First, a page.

A 4-cycle weed eater usually requires unleaded gas with low ethanol content and a mid-grade minimum octane rating. Using gas with high ethanol content can damage the engine of the equipment and strip off the manufacturer’s warranty on the parts.
Trust us- a 4-cycle weed eater is one of the most useful power equipment that helps you keep your lawn healthy throughout the year.
This particular variant is becoming increasingly popular because of its high-power operation and ease of maintenance. Hence, people don’t mind extending their budget a little to get the best one home.
But before buying one, you should know about the type of gas that powers this equipment so that you don’t end up choosing the wrong fuel.
How Is A 4-Cycle Weed Eater Different From A 2-Cycle One?
Before we tell you about the fuel requirements of a 4-cycle weed eater, let us very briefly state the difference between two-cycle engines and their four-cycle counterparts.
As you may already know, two-cycle engines run on a mix of fuel (or gas) and oil. While the fuel helps the machine generate the required power to function, the oil is used for lubricating the engine components for a smooth operation. However, this doesn’t mean that you can add any amount of fuel and oil to a two-cycle engine.
All 2-cycle weed eater manufacturers specify the correct ratio of gas to oil, so check the operator’s manual to ensure you are using the right amounts of both elements. Some common ratios include 50:1 and 40:1, which are required by weed eaters of top brands like Toro, Troy-Bilt, and Yard-Man, among others.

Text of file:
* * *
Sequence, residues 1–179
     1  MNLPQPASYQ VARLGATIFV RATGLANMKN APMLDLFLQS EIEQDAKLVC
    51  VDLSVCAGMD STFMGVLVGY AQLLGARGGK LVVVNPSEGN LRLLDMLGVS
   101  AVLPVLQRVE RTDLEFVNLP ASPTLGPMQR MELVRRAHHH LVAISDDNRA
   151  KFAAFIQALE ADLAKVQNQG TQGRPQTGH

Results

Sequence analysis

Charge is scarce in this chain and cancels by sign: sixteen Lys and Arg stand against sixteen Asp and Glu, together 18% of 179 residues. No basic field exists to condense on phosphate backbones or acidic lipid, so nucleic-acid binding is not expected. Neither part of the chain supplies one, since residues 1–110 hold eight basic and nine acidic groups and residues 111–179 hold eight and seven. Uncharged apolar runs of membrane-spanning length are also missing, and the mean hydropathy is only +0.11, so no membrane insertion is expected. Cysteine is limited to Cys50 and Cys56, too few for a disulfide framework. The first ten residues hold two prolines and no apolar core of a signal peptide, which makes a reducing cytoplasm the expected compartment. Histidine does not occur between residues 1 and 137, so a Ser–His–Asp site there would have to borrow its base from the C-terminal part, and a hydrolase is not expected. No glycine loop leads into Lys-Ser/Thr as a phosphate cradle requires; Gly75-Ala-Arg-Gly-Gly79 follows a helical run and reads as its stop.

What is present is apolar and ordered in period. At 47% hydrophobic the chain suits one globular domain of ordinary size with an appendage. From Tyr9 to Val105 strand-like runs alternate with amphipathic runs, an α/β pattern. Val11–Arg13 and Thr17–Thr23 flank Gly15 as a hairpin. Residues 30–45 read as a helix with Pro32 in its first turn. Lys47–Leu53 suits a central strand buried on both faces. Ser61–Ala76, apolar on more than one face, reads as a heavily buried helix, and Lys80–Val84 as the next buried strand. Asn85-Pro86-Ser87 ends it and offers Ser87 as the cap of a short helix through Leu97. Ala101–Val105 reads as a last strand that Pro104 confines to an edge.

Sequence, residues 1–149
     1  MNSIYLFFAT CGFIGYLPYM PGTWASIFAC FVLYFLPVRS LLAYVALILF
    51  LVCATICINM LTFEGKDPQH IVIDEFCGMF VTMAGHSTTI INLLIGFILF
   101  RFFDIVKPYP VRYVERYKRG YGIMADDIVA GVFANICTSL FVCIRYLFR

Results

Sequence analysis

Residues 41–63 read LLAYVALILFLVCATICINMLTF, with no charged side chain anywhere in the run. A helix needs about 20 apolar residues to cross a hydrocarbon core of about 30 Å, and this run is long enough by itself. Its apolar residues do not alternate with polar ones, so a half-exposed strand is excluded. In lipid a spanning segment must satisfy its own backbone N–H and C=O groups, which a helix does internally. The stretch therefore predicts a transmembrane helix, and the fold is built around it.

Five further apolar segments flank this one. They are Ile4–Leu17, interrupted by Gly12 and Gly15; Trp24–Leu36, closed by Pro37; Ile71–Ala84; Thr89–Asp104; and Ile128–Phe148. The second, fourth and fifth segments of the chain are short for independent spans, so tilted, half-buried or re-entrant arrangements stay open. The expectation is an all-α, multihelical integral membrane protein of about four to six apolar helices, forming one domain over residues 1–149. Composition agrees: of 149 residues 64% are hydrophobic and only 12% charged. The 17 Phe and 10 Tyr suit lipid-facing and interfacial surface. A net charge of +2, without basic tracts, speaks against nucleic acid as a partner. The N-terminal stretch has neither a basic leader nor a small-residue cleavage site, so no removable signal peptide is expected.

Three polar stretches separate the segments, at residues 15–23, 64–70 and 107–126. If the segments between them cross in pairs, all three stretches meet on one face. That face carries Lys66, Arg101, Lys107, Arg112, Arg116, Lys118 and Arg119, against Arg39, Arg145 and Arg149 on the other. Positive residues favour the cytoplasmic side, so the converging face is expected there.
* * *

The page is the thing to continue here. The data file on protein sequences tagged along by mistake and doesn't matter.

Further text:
You can definitely purchase the fuel and oil separately and mix them in the required ratio before adding them to the engine. However, an easier way out is to purchase premixed fuel, which, as the name suggests, comes in a ready-to-use form.
What Kind Of Gas Does A 4-Cycle Weed Eater Use?
The most important feature that distinguishes 2-cycle from 4-cycle engines is the presence of separate gas and oil chambers.
This makes them compatible with almost any regular unleaded gasoline, but most brands recommend using unleaded gasoline that has a maximum ethanol content of not more than 10%. Likewise, it should have a minimum octane rating of 89. This is primarily because too much ethanol will invariably clog the fuel lines and the carburetor, requiring you to replace them frequently.
Keep in mind that you should never mix gas and oil for a four-cycle weed eater. Most importantly, always avoid any gasoline with an ethanol content of more than 10%, like E10 or the ones above it (E15, E83, etc.). Almost all small engines cannot handle the types as they cause irreparable damage to the engine of the equipment, which generally renders the brand warranty invalid.
But how much gas does a weed eater use per hour? The answer to this will largely depend on the power of the engine, the number of parts in the machine, and the duration of the trimming sessions. For example, commercial trimmers use an average of ¼ gallon of oil and gas mixture per hour.
And before we forget- there’s one exception to the separate oil and gas tank rule- the Stihl 4-MIX weed eater. In fact, all four-cycle engines of the Stihl brand are designed to run on a fuel mixture of gas and oil. Under no conditions should you run straight gas through these engines.
Why Is Ethanol Harmful For The Engine?
If you have ever glanced at the cap of the fuel tank of a 4-cycle weed eater, you will see that it reads “ethanol 10% fuel.” This is the case with most four-cycle trimmers. But why should you be wary of ethanol?